Simply put, Miracle on Ice was the greatest upset in sports history, bar none.
I can’t even call the above statement homerism, because I can’t think of a bigger upset. A game with so much at stake that had professionals playing amateurs in a sport where the professionals were the dominant team on earth … and the amateurs weren’t even the best amateurs on their continent. I tell my wife and son, imagine the Miami Heat playing a college all-star team, but some of the all-stars are not eligible to play. The Heat decide to pull LeBron James in the second quarter of the game because he made a mistake, and never put him back in. The college all-star team wins; then wins again to bring home the Championship. That could and would never happen.
And Miracle on Ice is even more of an upset than our imaginary game. We know some college players are capable of excelling in the NBA. We know some of the USA Miracle on Ice contingent went on to play in the NHL, and have superb careers but the USA team wasn’t even considered the best team in North America. Let’s steal some from Wikipedia to set the scene:
In exhibitions that year, Soviet club teams went 5–3–1 against National Hockey League (NHL) teams, and a year earlier, the Soviet national team had routed the NHL All-Stars 6–0 to win the Challenge Cup. In 1979–80, virtually all the top North American players were Canadians, although the number of U.S.-born professional players had been on the rise throughout the 1970s. The 1980 U.S. Olympic team featured several young players who were regarded as highly promising, and some had signed contracts to play in the NHL immediately after the tournament.
And it wasn’t like the Americans had been dominating the USSR:
In the last exhibition game against the Soviets at Madison Square Garden on February 9, 1980, the Soviets crushed the Americans 10–3.
Yikes. The USA faced an uphill climb to even get to the medal round. But they skated as a cohesive unit, got great goaltending from Jim Craig and Herb Brooks coached the team to a gold medal.
In the Soviet Union – USA game, the USSR coach, Viktor Tikhonov pulled legendary netminder Tretiak after he allowed a rather soft goal with one second left in the 1st period and the US trailing 2-1. This tying goal was huge, as the USSR took a 3-2 lead into the third. They had dominated the 3rd period in previous Olympic games, often outlasting opponent with their up-tempo style. But the Americans weren’t to be denied. Mark Johnson scored on the power play to tie it at three; then team captain Mike Eruzione scored to give the US its first lead. Instead of hanging on, the US team continued to try to attack. The USSR team, as shown in the video had started to press and take uncharacteristic shots. Even at the end, the stubborn nature of the USSR coach showed through when he refused to pull the goaltender for an extra attacker.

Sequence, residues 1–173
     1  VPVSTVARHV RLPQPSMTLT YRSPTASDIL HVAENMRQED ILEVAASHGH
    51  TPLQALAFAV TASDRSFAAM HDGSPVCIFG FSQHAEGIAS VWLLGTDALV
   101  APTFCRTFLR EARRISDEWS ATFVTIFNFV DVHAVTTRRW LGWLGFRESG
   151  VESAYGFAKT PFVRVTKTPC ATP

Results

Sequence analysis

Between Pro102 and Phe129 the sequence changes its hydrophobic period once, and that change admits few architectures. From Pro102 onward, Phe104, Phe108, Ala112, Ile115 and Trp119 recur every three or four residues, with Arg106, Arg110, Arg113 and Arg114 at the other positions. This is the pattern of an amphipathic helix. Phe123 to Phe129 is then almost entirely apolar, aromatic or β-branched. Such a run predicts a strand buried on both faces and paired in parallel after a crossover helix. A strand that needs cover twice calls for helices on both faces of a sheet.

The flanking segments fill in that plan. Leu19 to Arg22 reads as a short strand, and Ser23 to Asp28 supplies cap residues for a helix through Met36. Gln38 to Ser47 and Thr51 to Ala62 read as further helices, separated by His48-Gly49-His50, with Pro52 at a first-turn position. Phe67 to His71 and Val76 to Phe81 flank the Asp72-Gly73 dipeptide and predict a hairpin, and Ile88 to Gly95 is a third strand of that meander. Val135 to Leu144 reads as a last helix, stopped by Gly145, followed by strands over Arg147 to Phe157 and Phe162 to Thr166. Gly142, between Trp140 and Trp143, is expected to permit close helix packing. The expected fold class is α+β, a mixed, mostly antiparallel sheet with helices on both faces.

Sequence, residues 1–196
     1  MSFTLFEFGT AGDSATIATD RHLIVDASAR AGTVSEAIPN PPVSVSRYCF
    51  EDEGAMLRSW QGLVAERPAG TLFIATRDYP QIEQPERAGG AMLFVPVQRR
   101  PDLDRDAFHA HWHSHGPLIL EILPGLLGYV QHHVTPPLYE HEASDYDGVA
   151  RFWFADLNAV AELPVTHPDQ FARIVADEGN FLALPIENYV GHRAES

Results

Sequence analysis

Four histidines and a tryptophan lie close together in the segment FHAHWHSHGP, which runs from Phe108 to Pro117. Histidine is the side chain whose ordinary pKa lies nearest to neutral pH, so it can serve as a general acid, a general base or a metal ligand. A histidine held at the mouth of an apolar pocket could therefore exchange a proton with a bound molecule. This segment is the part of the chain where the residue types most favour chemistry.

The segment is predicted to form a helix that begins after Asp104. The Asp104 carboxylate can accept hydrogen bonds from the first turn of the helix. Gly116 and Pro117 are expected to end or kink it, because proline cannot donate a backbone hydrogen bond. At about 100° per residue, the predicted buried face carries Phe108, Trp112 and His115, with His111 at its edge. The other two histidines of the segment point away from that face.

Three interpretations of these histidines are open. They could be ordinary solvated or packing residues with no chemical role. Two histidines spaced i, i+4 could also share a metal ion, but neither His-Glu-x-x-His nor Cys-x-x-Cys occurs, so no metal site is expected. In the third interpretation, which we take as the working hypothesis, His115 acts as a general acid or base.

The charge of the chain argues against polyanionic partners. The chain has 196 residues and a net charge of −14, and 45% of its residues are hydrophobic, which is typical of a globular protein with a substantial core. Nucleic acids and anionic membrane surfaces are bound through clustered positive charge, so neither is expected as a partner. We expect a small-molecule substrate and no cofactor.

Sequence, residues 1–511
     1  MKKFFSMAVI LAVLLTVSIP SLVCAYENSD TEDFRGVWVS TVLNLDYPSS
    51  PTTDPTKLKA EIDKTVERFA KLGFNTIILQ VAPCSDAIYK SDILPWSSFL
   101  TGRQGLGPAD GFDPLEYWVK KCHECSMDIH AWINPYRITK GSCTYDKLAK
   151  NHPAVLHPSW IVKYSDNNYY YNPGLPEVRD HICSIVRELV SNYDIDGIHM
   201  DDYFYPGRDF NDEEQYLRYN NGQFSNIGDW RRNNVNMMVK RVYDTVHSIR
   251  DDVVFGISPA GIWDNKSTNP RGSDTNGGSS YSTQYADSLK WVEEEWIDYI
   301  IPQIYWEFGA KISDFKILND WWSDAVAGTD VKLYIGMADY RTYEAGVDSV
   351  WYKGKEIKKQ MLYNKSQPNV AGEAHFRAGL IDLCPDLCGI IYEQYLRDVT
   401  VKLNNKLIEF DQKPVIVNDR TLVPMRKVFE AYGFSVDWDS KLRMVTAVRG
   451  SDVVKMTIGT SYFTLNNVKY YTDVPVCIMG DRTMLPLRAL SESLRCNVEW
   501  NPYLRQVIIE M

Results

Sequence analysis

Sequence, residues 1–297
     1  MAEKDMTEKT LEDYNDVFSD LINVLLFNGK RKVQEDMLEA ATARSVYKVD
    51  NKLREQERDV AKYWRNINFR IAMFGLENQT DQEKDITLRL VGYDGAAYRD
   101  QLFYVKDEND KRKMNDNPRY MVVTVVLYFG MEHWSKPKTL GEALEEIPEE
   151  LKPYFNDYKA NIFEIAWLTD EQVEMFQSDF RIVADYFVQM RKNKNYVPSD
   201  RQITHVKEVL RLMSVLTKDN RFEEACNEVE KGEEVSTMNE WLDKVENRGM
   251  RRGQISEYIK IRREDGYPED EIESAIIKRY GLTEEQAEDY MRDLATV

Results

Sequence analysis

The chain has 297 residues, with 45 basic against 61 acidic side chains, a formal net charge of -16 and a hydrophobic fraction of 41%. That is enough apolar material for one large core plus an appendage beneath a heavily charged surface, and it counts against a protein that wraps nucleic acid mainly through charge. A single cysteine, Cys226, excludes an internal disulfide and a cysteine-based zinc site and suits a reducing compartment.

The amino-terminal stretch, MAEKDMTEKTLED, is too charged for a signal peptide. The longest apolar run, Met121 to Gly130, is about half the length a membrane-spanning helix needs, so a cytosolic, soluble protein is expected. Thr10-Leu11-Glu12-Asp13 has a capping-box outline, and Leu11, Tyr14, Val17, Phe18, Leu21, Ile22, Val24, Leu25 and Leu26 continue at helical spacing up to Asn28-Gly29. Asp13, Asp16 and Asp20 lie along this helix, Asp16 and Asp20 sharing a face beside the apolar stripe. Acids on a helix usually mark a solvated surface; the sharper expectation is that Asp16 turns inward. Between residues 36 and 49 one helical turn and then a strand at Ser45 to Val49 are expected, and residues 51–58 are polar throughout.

I watched that game on tape delay, and I found it unbelievable the USA team had won. In fact, I didn’t believe it even though I knew the score. The USA team was so below the USSR in talent, there was no way for the USA to win a normal game. Unlike most of my fellow Americans, I didn’t believe it was a political victory. It was a win; a miraculous win for sure, but also one in which the USSR team participated in its own demise. Tikhonov would have been fired for such a performance at the NHL level. Pulling Tretiak was ridiculous, and not even practicing with an extra attacker showed incredible hubris. The USA team was good, and lucky. That’s a great combination. If the USA and USSR played a best of seven, the USSR would have won in five.